Never underestimate the power and glory of the American ego. Granted, it can show its bizarre sides—for example, in the antics and hairdo of Donald Trump. And yet I see the good, too. We have the Carnegie Corporation of New York and the Bill & Melinda Gates Foundation and the rest, not “Library Donors Anonymous.”
At least some might bristle at this quest for publicity and immortality, as opposed to pure altruism. But let’s remember that despite all the government-and-corporate-enforced conformity around us, we are still in many ways a national of individualists.
Didn’t Walt Whitman title a poem Song of Myself, notwithstanding such lines as “For every atom belonging to me as good belongs to you”?
Shrewdly, then, when the San Francisco Zoological Society held ZooFest 2013, charging anywhere from $500 for single tickets to $25,000 for sponsorship of a table, it let guests bid to name a Sumatran tiger cub. The winner, at $47,000, was Jillian Manus, a literary agent for Newt Gingrich and a number of nonVIPs. Walt Whitman would have understood her choice. Yes, of course—“Jillian.”
Would I prefer that tax money entirely cover the care and feeding of Jillian the Tiger Cub—or America’s libraries? Very much so. And yet realistically that is not possible right now. Hence the need for a national digital library endowment which could appeal as deftly and charmingly to the wealthy as ZooFest does. By way of White House and Congressional ceremonies, as well as public participation in fund-raising committees, the super rich could enjoy major recognition for their donations to libraries. But why digital? Because it’s by far the most efficient way of making the greatest number of books and other library items available to the most people—not to mention such possibilities as permanent links from book to book, so that, for example, our nonfiction books can be better documented than the present variety.
The digital library endowment would not be a cure-all, far from it. But it would be better than nothing. At all levels of government, local, state, and national, many budgets have shrunk, especially in the library world—this at a time when shocking numbers of American families are living in poverty and rely on public libraries as bootstraps.
Still don’t understand the direct and indirect benefits of a national digital library endowment? Consider that in the 2010 fiscal year the total spending on public library content in the U.S. was less than $1.3 billion, which, on a per capita basis, is about the cost of a somewhat upscale hamburger. The endowment must not replace all fund-raising and other nonprofit work in the library area (and, in fact, should focus on a different kind of donor from those supporting local library foundations). But not every city has a Bill Gates or Warren Buffett. Clearly we need a true national effort; per-capita spending on library content varied from $1.42 in Mississippi to a still-not-adequate $7.79 in Illinois for the 2010 fiscal year. Even the most radical changes in copyright law could never substitute for ample money for books and other acquisitions. Beyond financing content, the endowment could also promote the Web-era professional development of teachers and librarians, particularly the school variety, given the potential of books and other library materials to raise academic achievement with the right mix of guidance and inspiration.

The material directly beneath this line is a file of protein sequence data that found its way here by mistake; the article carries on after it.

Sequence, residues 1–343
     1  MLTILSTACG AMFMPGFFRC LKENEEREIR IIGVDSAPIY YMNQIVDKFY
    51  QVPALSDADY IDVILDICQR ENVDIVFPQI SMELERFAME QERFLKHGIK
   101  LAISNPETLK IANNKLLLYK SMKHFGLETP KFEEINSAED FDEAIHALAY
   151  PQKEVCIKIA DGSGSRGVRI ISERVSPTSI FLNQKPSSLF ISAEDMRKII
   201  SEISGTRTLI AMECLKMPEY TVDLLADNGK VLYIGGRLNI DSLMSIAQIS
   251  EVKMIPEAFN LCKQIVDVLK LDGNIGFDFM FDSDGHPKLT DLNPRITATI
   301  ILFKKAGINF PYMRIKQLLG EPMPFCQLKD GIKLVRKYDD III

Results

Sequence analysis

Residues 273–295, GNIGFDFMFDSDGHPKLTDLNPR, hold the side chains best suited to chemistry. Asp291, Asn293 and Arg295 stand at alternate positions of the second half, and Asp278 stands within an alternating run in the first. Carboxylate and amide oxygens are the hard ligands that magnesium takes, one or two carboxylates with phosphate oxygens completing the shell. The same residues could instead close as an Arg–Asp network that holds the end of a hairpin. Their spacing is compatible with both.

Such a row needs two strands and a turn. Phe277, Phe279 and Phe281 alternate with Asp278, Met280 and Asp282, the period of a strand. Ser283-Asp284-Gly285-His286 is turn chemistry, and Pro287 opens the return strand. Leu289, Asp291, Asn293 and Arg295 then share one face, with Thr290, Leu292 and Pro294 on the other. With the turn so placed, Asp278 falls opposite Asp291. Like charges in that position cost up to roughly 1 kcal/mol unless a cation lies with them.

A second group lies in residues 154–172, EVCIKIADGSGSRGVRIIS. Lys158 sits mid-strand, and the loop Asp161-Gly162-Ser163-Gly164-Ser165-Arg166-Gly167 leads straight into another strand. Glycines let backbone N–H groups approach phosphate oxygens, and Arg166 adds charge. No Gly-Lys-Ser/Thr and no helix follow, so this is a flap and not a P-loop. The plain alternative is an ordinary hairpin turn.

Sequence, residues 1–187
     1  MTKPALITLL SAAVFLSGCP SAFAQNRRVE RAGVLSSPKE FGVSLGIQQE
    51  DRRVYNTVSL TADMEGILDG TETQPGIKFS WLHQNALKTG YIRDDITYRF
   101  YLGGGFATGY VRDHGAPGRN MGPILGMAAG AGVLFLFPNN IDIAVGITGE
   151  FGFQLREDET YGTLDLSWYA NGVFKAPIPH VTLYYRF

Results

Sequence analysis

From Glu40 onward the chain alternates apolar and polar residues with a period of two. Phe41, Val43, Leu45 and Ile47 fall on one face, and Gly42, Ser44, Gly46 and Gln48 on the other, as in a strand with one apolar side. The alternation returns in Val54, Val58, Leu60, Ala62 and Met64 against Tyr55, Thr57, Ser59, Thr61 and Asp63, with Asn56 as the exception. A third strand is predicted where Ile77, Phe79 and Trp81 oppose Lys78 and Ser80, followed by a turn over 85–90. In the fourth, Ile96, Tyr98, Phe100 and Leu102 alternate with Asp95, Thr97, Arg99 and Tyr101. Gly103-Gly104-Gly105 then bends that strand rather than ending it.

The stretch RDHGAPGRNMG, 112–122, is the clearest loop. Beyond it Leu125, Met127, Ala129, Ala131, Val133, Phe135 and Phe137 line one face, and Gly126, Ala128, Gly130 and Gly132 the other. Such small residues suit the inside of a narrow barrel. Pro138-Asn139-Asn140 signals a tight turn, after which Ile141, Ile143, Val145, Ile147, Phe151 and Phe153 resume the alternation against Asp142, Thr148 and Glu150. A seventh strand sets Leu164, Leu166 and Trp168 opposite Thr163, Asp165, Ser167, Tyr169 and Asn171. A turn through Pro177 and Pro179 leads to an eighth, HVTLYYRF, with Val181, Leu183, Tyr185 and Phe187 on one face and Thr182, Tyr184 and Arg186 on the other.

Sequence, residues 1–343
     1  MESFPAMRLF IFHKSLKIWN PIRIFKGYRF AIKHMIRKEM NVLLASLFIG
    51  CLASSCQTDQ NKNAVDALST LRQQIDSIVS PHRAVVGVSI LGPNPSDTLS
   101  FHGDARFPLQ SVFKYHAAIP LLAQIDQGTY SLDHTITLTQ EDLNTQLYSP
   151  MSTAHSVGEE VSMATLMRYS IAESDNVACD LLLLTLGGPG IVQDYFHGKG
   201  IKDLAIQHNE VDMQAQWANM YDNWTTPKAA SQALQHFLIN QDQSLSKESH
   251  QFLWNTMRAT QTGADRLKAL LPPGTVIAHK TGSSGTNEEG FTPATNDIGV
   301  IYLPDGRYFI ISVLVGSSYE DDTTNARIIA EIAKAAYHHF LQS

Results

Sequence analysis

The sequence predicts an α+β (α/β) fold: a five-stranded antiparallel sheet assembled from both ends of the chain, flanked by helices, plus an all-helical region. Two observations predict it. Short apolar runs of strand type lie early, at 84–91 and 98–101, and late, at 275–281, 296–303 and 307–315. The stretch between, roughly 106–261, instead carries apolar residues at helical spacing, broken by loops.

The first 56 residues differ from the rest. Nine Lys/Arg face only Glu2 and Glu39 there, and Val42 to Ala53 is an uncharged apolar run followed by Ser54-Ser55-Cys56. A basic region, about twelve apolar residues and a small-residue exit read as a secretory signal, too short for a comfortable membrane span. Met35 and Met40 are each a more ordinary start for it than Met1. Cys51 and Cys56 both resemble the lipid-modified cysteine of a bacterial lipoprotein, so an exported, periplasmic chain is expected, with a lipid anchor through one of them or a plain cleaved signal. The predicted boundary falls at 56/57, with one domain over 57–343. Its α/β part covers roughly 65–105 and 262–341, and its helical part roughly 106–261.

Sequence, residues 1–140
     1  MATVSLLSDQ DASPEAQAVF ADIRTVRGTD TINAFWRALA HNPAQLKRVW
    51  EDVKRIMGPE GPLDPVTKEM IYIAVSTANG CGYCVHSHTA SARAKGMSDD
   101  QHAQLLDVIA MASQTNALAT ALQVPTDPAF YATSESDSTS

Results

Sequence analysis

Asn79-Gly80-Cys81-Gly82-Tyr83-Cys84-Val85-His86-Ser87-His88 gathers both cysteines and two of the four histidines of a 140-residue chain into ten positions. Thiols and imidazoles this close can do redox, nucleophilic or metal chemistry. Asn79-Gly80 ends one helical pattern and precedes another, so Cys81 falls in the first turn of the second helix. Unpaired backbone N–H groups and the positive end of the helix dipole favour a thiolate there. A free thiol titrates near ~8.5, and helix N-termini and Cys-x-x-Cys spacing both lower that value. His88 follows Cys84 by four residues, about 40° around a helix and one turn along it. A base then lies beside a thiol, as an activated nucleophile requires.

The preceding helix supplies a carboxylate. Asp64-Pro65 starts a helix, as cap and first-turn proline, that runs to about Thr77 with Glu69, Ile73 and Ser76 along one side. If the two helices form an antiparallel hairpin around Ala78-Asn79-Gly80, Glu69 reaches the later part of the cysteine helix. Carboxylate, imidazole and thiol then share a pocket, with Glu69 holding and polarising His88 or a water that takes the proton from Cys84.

The endowment would be just one revenue stream for the digital incarnations of libraries. But the wealthy can at least help. An editor for the conservative Wall Street Journal acknowledges that the 400 richest Americans owned just slightly less than the bottom half of the country as of 2007, the last year for which the latter statistics are available. For a complete picture, read Plutocrats: The Rise of the New Global Super Rich and the Fall of Everyone Else, a Penguin book by Chrystia Freeland, a Rhodes Scholar now an editor at Reuters. Far from a rant, her book is a well-reported series of detailed vignettes conveying the perspectives of the wealthy themselves as well as of their critics. Especially disturbing to me is the fact that some of the richest Americans are cutting back on domestic donations in favor of those abroad, rather than seeking a balance. Beyond that, public libraries everywhere can be far from the top of the super wealthy’s priorities, a marked departure from the Carnegie tradition.
Consider Bill Gates. He deserves praise for all the computers and Net connections he has helped put into America’s libraries, but if you look at his foundation’s annual report for 2010, the most recent year for which I could quickly find a working link to a PDF, you’ll see listings for a mere $14.3 million for libraries under his “United States” program and just $22.6 million under “Global Development” (some domestic library spending might be included there). Even if you assume that libraries are tucked away in other categories, the total appears to be minuscule compared to the more than $2 billion spent on grants of all kinds. Simply put, at least in regard to his foundation’s relative priorities, Bill Gates today seems a long way from Andrew Carnegie, both nationally and globally.
I can think of eviler acts than diverting money from libraries to fight starvation, AIDS, and malaria. Still, how to fill the vacuum and use a cohesive national strategy?